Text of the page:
by Sean M. Thompson
The apartment building stared down at him, leaning like a horny drunk that wanted to do terrible things. Its angles seemed wildly erratic, like the set of a German expressionist film, rather than by the harbor in Boston. Every apartment window was an eye, unblinking, staring at him with a still and silent fever soon to break, like ocean waves during a heavy storm. The grey concrete building seemed impossibly tall, its thirteenth floor disappearing into the clouds.
A humble place for humble men to sit and breed and bring the end.
Was that a poem by someone? Cort couldn’t remember. It seemed fitting when applied to the sight of his apartment building. Had it always been this tall? He would’ve known if it was this massive. Skyscrapers were the kind of company this apartment building should keep, so high in the heavens, leering down with implacable contempt.
No one was outside the building, and he counted his blessings for that. Double checking his shirt, he confirmed there was no blood on his sweater. His mind arrived back at the assault of the old man: the way his face has resembled a raw steak, purple, wet. Except – he was asking for it, he insulted me…but had that really happened? The events were growing hazy, the order of things, the chronology suddenly hard to piece together. In his mind, images of the older man pushing him and giving him the finger came, but for the life of him, Cort couldn’t remember what had prompted the altercation.
Before his nerves could get the better of him, Cort pushed through the front door. He stood before the locked entryway, jittery. His keys were deep in his pocket, taking him a full minute to retrieve. The sensation was bizarre, like his pocket went all the way down to his thighs. Had he somehow been drugged at the walk-in clinic? Maybe someone had dosed him while he was at the supermarket. He had hit his head pretty hard, maybe the effects of it were more serious than the idiot doctor at the clinic had realized.
What an asshole. I’d like to dump his bloated corpse in the Charles.
He immediately wondered why he had such a visceral reaction to the doctor. He wasn’t amazing, but he didn’t deserve to be murdered, that was for sure. Key entered lock, and the mechanism clicked over as he thought I wonder if that bitch on the first floor is around, the one with the big ass. Maybe I could give her trouble sitting for a –
Wow, he was really in a mood today. What the hell was up with him? Sally was a nice woman, and he was pretty sure she was dating someone anyway. Cort found himself disturbed by his newfound aggression, and once again repeated to himself that he’d hit his head pretty hard, so perhaps he should go lie down.
Shit, but I have to get ready for Janet to come over. And if I play my cards right I could rip her in two like a –
Whoa, no “ripping in two” was ever going to occur, even if he did get lucky tonight! Christ, he was in rare goddamn form this late afternoon. The mail room was empty, and he unlocked the tiny metal box, retrieving a single piece of junk mail from Triple A, which he put in the trash. Despite his horror at how crude his thoughts had been when thinking about his downstairs neighbor Sally, there was a stirring in his loins, which both alarmed and invigorated him. Cort pictured her as he’d last seen her: getting her laundry, bending to retrieve her clothes from the dryer in a stretchy pair of yoga pants, which compressed and lifted her thighs in a glorious way. She’d caught him staring, and he’d coughed, and had never really been sure what the point of the cough was, other than to signal that he, in point of fact, was a living being with lungs.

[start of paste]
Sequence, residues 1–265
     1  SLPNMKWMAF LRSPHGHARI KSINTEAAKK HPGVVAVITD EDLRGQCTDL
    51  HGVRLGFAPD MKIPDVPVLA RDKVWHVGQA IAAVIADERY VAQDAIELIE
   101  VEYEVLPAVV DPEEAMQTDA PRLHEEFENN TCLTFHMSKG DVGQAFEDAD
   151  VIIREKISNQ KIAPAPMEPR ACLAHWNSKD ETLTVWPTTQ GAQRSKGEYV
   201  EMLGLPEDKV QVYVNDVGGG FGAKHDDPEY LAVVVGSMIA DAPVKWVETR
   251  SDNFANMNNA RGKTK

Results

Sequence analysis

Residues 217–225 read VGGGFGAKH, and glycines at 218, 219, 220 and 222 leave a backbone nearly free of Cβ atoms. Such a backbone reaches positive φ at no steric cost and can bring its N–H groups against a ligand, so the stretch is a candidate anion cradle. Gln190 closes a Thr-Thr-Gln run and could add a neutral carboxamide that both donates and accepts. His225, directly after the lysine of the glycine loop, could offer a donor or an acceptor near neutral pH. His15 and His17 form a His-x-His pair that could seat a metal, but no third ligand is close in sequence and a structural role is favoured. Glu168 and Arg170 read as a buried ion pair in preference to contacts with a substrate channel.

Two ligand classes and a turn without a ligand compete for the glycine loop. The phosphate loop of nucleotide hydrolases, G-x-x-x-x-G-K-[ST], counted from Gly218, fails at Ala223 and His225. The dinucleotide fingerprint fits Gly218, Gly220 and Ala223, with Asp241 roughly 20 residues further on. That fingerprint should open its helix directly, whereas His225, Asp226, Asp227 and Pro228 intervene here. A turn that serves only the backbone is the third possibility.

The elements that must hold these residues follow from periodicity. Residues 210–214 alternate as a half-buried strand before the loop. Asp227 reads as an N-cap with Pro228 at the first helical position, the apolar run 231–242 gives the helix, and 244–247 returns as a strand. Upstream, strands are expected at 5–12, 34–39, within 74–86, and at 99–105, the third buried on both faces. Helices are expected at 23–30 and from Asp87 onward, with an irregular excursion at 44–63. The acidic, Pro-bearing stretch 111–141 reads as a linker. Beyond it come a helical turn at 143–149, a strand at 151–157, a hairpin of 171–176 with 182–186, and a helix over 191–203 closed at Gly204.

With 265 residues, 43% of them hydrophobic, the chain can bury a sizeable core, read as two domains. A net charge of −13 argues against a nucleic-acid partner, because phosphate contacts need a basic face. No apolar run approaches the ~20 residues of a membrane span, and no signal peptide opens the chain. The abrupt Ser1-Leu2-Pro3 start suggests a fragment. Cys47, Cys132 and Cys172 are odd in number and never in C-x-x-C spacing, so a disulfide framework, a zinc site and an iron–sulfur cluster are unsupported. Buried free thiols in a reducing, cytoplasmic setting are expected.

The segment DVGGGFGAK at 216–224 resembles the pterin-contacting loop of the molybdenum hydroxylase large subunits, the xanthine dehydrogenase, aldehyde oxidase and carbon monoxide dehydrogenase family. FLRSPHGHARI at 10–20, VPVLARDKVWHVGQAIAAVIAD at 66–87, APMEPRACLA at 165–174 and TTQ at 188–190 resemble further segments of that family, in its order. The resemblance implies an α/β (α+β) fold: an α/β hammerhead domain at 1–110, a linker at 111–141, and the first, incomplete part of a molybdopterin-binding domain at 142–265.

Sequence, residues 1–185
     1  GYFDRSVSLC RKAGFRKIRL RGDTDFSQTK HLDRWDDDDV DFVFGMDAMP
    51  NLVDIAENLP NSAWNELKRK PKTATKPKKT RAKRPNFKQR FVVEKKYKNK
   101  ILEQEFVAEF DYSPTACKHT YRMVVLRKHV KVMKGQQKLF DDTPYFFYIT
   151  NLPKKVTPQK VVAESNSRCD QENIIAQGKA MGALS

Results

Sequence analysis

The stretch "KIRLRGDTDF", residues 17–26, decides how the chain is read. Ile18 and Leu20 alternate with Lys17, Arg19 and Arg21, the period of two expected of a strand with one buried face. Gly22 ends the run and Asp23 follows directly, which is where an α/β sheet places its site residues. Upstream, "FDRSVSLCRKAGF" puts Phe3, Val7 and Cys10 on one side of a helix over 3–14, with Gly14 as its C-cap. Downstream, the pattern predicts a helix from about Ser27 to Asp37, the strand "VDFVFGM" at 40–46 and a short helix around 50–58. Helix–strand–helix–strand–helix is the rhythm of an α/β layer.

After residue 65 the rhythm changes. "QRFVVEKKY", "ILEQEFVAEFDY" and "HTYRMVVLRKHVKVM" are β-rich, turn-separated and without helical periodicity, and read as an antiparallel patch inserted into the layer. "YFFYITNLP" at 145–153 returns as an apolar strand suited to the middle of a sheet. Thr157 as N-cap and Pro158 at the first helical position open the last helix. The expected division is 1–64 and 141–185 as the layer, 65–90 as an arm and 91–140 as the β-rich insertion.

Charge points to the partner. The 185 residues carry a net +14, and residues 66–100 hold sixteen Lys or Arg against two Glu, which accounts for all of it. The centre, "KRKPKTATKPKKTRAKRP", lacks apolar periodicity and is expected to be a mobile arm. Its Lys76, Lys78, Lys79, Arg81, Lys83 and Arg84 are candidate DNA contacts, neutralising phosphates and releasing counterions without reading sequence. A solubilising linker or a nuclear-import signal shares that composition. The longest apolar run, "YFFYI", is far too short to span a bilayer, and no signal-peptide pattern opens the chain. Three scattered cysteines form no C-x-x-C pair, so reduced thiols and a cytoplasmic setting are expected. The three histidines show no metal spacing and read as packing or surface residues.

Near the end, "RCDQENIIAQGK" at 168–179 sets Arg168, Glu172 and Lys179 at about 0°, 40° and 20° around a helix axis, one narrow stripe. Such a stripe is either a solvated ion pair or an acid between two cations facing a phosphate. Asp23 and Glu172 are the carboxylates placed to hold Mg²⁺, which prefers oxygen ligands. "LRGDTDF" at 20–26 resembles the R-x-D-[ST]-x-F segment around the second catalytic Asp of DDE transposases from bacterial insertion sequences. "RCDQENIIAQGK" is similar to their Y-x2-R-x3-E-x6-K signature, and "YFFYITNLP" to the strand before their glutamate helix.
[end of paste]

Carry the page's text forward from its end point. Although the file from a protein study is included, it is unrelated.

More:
I’ll eat her like a four-course meal, he thought, and he couldn’t help it, he laughed to himself, and it felt good to laugh, laughter was the best medicine after all, and Jesus he should really lie down.
That was when he heard the noise, echoing from the stairs. The sound bounced off the hallway, which wound around and down to the basement level. With tentative steps he called out, asked if someone was there, and nothing and no one replied.
Cort held his breath, and waited. He closed his eyes, and focused – hearing the pipes bringing heat to the apartments above, the whirring of a dryer, the thump of the clothes in the basement.
Probably just something in the washer or dryer down there. Nothing to be worried about.
There it was again, though. No mistaking it now. The sound was an animal chittering, reminiscent of the noise a raccoon might make. He should really just go, call the super and have animal control or something take care of it.
You should go upstairs and cook the groceries.
He looked down and realized he’d left the groceries outside. Truth be told, he’d forgotten about them entirely. He went back outside, and sure enough, there was the brown paper bag, left by the bushes. Cort picked up the bag, and tried to ignore the tugging in his guts, the fear like stomach cancer burning up his insides. He rushed back in, ran up the stairs to his apartment, hearing another animal noise – but screw that, it wasn’t his problem to take care of whatever was in the basement.